By Alicia Brown
As part of a mission to bring the science, technology, engineering and math (STEM) field to young girls all across the San Fernando Valley, for months nine Granada Hills Charter High School (GHC) International Baccalaureate (IB) students have launched a community
service project named Girl Force, or G Force.
Through the organization Girls Build Los Angeles (GBLA), created by the Los Angeles Promise Fund, G Force received a $1,000 grant to fund a community service project committed to advocating for young women in STEM.
LA Promise Fund selects 50 middle school and high school teams to compete in the Girls Build Challenge. GBLA is an initiative that encourages young women from public middle and high schools to use STEM principles along with 21st century learning skills to effect social change.
Once selected, teams receive seed funding, training, and materials to implement an original, community-based, and data-driven intervention. All teams integrate STEM principles and must address three core impact areas: Health & Wellness, Civic Engagement & Leadership, and STEM & College Access.
In order to meet the 6-10 member requirement, G Force gathered multiple people from different community service groups in the IB program to form a team. The students are seniors Emma Averill, Anamika Gupta, Elizabeth Hagopian, Isabel Nakoud, Mimi Parrott, Sharmaine Sapon, Emily Zepeda, and Samantha Zaragoza.
In order to receive the grant, G Force submitted a project proposal in September 2017 and received $500. They submitted a final project plan on December, 4, 2017 and received another $500 to fund their project.
“We were just really excited to get started with a real organization, and being able to partner with them is really empowering as they are giving us the opportunity to help make a bigger impact on the community,” Hagopian said.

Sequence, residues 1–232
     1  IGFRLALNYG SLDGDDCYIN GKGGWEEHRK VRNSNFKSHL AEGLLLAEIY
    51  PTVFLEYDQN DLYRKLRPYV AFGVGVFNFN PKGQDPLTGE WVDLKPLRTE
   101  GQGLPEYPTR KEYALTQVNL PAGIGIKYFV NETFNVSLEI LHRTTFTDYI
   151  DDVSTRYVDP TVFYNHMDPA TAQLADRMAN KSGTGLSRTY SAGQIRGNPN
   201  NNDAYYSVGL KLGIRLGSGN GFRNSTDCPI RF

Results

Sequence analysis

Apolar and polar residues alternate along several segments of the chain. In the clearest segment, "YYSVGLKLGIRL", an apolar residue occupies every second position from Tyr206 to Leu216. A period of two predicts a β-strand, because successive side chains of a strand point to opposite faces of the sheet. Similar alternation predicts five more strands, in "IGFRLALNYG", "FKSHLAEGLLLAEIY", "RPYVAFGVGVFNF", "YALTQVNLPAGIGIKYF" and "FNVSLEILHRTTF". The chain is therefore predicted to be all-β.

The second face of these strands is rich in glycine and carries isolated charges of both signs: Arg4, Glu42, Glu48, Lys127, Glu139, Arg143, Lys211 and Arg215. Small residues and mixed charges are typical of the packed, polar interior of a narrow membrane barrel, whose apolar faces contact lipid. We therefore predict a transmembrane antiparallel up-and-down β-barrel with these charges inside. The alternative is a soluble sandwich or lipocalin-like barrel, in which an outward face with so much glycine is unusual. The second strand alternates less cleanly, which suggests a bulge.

With the $1,000 grant, G Force hosted a forum for women in STEM on February 3 in Highlander Hall. The all-girls event began at 10:00 a.m. and featured women from various STEM professions who shared their background and experiences.
“It’s so important for young girls to know there’s more for them in STEM and that it’s not only being a doctor and focusing in big popular professions. GBLA gives us the chance to expose them to all fields of STEM,” Gupta said.
GBLA has also offered G Force additional opportunities, including a leadership summit that was held on December 15, 2017. Members Emily Zepeda, Isabel Nakoud and Nadia Vargas saw prominent American women speak to the young women about their own personal experiences.
“Every time I think about that day, I think about how inspiring it was, especially seeing women like Hillary Clinton, Kamila Harris and even Olympians. It’s clear they all love what they are doing that they own what they are, and own what they love,” Vargas said.
GBLA was founded to reach out the community and make a difference, to teach girls just how much they can accomplish in STEM. All nine of these young women are advocating for change, and bringing it to their own community.